A tiny firm led by a rockstar banker will make a killing on a $18.3 billion gold miner merger | Digital Asia
- Michael Klein’s boutique investment bank will split as much as $35 million in fees with Morgan Stanley for its role advising on a gold merger announced on Monday.
- Klein’s firm, M. Klein & Co, is secretive and only employs a handful of bankers.
- Klein is a former star banker from Citigroup who frequently advises governments and CEOs on complicated financial matters.
A tiny and secretive boutique investment bank founded by star dealmaker and former Citigroup executive Michael Klein will split tens of millions of dollars in advisory fees in an $18.3 billion gold merger announced on Monday.
M. Klein & Co. will split as much as $35 million in fees with Morgan Stanley for advising Barrick Gold Corporation on its merger with UK-rival Randgold Resources Ltd., according to estimates from consulting firm Freeman & Co.
Randgold’s advisors, Barclays and CIBC, might earn as much as $45 million, Freeman said.
This is not the first time Klein’s firm has provided advice to the Canadian gold miner. In 2015, M. Klein & Co. advised Barrick on the sale of its 50% interest in a copper mine in Chile.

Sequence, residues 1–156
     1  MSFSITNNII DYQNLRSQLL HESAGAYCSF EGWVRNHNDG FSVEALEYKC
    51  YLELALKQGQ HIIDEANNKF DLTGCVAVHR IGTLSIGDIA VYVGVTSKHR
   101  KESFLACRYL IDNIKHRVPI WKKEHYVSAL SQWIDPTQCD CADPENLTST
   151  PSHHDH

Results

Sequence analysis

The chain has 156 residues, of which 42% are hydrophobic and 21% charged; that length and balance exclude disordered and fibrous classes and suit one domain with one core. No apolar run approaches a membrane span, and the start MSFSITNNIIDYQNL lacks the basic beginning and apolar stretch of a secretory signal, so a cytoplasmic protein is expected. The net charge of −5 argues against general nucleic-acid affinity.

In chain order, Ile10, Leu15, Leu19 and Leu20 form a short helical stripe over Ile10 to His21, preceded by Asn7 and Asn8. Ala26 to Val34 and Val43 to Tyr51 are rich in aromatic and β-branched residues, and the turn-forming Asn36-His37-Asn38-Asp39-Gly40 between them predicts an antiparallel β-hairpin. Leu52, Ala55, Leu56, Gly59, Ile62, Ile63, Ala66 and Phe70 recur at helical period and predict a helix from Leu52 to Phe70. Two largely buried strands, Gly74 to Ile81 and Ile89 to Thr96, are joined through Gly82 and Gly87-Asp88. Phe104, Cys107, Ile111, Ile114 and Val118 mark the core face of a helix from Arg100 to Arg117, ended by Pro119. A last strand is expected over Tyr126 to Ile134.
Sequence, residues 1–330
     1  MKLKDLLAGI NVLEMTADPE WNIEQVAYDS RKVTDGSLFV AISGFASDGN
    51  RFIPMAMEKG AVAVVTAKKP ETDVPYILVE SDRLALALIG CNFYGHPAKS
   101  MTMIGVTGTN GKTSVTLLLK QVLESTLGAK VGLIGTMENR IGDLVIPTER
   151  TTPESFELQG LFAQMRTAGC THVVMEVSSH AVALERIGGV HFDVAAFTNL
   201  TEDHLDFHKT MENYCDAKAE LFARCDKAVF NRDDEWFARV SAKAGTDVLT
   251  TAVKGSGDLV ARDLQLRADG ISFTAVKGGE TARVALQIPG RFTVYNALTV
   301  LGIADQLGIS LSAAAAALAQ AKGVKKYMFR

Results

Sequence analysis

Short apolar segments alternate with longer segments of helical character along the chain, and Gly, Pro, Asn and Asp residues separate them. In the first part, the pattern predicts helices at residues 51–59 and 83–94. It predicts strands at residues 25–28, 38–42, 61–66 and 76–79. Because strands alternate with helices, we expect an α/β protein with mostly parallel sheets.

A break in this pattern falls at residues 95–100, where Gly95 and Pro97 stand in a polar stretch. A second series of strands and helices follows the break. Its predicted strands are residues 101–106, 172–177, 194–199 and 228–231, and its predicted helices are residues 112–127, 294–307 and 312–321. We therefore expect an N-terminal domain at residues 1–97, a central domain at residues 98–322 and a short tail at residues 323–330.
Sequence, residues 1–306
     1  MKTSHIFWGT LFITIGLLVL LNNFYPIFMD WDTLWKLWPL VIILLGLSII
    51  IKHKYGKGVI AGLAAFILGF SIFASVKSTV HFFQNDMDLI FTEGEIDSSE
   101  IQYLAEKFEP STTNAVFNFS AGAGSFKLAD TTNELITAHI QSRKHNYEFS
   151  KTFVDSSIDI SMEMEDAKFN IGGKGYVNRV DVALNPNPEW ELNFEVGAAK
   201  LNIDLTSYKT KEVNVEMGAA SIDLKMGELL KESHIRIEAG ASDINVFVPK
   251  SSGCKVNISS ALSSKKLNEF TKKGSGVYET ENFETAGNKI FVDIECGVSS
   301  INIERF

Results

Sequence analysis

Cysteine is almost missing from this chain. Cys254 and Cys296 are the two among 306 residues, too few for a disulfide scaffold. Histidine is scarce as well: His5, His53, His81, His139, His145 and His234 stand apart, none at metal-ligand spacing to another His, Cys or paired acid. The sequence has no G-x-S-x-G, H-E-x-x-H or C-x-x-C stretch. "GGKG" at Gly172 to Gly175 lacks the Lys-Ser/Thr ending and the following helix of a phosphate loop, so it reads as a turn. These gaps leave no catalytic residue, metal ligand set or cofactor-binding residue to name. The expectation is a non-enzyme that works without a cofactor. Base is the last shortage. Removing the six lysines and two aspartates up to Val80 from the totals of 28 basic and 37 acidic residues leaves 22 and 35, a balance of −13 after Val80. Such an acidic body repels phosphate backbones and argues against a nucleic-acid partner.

Launched in 2012, Klein’s firm is regarded less of a traditional boutique investment bank, and more as an “embedded adviser” to CEOs, boards of directors, institutional investors and governments.
But that’s not to say that Klein doesn’t advise big corporations on M&A. The firm also advised Dow Chemical on its $130 billion megamerger with DuPont in 2015.
It also reportedly worked with Saudi wealth fund Aramco on its global strategy.
But despite its status advising on high-profile matters, the New York-based investment bank keeps a very low-profile. Its website is barebones, aside from one contact number, with no marketing material.
It’s unclear how many employees now work at M. Klein. A previous report said that the firm investment bank expanded to 20 employees in 2016 and had established its presence in London and Beijing.
Klein spent more than two decades at Citigroup, rising to the role of CEO of global banking and then moving to Europe to take responsibility for a build-out of the bank’s investment-banking business in the region before leaving in 2008.